1. When i moved back home it was into a 200sq ft apt,at the time i knew i would be eventually moving into the main house so for the past 17 years i have been "redistributing resources" I am in the main house now and getting fairly good at the barter/trade and selling what i don’t need to get what i do need.

  2. I think one of the most important things one can do when decluttering is what you mentioned in your video – take time to get items to the specific places where they’ll be used! No thrift store hauls en masse if it can be helped!

  3. Clutter stresses me out! So I can see how your tiny house can cause stress. I live in about the same square footage, so I understand. It’s like everywhere I look, there is stuff. One helpful thing for me is our really high vaulted ceilings (we live in a cabin). It makes it feel roomier than it really is. One advantage is that our tiny space is so much easier to clean and it makes us clean more often because we have to. We are content right now with it, and we will see what happens when we have kids, lol.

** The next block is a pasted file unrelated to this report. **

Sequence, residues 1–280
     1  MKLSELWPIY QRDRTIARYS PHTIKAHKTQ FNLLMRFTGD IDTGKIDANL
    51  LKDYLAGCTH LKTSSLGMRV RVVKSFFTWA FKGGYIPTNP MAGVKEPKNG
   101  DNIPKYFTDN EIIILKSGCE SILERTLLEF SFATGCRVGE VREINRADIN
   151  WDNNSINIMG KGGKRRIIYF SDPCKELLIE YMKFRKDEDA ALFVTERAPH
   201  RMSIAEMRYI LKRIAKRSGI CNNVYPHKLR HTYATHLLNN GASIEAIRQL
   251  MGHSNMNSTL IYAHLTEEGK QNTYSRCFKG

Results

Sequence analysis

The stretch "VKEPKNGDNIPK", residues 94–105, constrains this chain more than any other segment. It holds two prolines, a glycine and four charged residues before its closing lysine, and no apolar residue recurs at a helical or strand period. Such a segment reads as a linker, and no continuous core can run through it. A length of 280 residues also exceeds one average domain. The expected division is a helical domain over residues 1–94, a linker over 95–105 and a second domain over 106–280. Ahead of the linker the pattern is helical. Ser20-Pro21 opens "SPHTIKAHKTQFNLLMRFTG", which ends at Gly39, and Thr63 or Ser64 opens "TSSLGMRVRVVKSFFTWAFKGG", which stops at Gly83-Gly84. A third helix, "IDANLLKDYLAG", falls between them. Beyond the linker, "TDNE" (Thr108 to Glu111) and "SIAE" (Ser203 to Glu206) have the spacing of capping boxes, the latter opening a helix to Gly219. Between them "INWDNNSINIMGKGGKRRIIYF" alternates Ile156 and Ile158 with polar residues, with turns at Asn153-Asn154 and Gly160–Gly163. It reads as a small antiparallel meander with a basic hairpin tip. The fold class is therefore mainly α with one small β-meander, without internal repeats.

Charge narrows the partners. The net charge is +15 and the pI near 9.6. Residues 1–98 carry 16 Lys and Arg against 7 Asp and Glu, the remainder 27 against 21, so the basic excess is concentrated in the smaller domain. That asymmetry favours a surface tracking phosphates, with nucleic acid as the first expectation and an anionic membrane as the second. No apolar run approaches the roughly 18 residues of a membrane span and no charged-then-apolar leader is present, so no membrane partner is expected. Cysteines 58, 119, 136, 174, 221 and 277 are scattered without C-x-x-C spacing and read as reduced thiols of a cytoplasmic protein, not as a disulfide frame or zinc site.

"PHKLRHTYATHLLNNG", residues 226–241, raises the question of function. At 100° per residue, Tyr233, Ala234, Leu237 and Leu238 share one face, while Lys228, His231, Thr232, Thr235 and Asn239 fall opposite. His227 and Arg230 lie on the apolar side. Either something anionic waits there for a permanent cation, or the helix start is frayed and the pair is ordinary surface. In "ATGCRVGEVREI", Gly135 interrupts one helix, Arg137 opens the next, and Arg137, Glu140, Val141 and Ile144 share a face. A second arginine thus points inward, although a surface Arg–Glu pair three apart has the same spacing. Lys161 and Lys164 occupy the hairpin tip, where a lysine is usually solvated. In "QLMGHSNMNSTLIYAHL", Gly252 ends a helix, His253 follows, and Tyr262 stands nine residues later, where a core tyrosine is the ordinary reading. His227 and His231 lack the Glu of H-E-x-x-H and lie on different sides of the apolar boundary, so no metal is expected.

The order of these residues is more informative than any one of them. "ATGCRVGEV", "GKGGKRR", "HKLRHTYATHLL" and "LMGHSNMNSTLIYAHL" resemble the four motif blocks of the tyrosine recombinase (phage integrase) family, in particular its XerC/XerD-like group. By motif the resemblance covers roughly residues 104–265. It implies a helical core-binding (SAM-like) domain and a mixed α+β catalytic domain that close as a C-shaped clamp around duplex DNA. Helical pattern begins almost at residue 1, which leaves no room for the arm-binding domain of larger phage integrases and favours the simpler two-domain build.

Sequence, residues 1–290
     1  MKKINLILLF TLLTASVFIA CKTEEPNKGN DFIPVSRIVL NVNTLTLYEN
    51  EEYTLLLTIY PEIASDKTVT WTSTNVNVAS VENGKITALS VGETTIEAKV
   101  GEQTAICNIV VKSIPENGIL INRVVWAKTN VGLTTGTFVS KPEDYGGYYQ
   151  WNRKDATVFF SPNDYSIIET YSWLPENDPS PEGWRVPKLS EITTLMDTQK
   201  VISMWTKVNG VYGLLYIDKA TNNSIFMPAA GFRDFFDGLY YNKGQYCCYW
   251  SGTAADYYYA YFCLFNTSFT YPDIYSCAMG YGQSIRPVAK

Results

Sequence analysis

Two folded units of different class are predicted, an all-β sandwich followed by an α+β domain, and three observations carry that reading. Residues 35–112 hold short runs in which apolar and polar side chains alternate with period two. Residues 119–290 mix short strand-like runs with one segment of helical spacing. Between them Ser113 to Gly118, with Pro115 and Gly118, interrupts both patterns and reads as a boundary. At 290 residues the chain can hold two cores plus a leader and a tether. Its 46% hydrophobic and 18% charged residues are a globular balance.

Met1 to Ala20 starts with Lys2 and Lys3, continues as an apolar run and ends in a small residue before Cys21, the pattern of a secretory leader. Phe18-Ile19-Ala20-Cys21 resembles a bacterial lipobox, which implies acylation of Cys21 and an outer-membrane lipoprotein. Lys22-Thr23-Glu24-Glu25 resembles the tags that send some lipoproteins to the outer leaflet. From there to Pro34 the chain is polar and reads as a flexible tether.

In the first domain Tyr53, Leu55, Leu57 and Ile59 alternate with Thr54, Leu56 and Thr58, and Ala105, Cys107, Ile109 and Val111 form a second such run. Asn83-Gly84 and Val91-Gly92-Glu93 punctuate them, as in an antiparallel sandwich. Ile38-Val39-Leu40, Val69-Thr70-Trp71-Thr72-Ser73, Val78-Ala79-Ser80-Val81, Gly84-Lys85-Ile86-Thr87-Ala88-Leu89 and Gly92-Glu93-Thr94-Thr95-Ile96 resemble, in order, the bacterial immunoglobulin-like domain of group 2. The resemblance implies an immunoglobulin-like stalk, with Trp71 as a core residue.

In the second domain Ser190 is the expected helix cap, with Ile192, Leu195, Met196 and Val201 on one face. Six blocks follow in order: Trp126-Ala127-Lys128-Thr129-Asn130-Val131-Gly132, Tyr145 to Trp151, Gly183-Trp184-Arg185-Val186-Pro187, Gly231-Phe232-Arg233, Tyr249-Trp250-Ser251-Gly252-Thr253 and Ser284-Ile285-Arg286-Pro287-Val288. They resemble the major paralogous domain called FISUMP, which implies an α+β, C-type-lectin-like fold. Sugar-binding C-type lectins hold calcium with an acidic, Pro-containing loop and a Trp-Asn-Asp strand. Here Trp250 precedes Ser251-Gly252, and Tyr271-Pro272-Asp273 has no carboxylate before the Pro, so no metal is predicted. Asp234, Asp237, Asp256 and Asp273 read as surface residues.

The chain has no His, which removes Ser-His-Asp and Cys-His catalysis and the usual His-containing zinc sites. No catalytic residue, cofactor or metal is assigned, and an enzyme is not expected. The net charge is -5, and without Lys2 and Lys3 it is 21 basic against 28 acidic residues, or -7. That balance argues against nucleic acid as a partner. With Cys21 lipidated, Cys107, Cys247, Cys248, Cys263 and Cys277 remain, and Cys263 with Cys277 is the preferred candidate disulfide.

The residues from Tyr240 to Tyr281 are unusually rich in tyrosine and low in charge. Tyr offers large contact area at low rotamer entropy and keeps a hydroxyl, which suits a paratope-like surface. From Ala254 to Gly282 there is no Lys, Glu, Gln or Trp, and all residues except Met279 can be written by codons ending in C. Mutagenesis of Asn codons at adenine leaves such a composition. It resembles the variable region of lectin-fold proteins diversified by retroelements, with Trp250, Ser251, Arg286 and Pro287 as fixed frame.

4. At the end of my year in China, I had to select all the things I would have to give away, to lighten the backpack I was taking on a one-month an a half trip through South East Asia. I still had a couple of books, a sleeping bag, a 3kg sweater, and a few other heavy things in there.

    After one week, I started letting go of all the bits in the hostels I’d stay at. It all disappeared: the hole-y shoes I previously couldn’t bring myelf to abandon, the sleeping bag, the one-on sweater…

    At the end of the trip, I thought of all that stuff I had brought back with me and that I had never used again… Right around the time I found this blog.

    Letting go and picturing, very clearly, the things I truly needed or treasured, was one of the most liberating realizations I ever had.

    My American boyfriend and I now live in a flat that has exactly the same dimensions as yours (Parisian life oblige…). I’m used to it, but reading this I understand his frustrations better now.

    It’ll get easier šŸ˜‰ Bon courage!

  5. Hi Kathryn. I have been running into a little internal conflict. So I am trying to be a minimalist and what I have learned so far is to not have an issue with letting go. I have purged my wardrobe, when my desk becomes a mess I do purge my paperwork, I have been letting go of all of my daughter’s clothing when she out grows them and now I am beginning to let go of her toys. But my house still looks like a mess… And I feel that when I clean I still have too much stuff hanging around… Could that be the issue or maybe I’m just not organizing things correctly? How do I disc-hyper?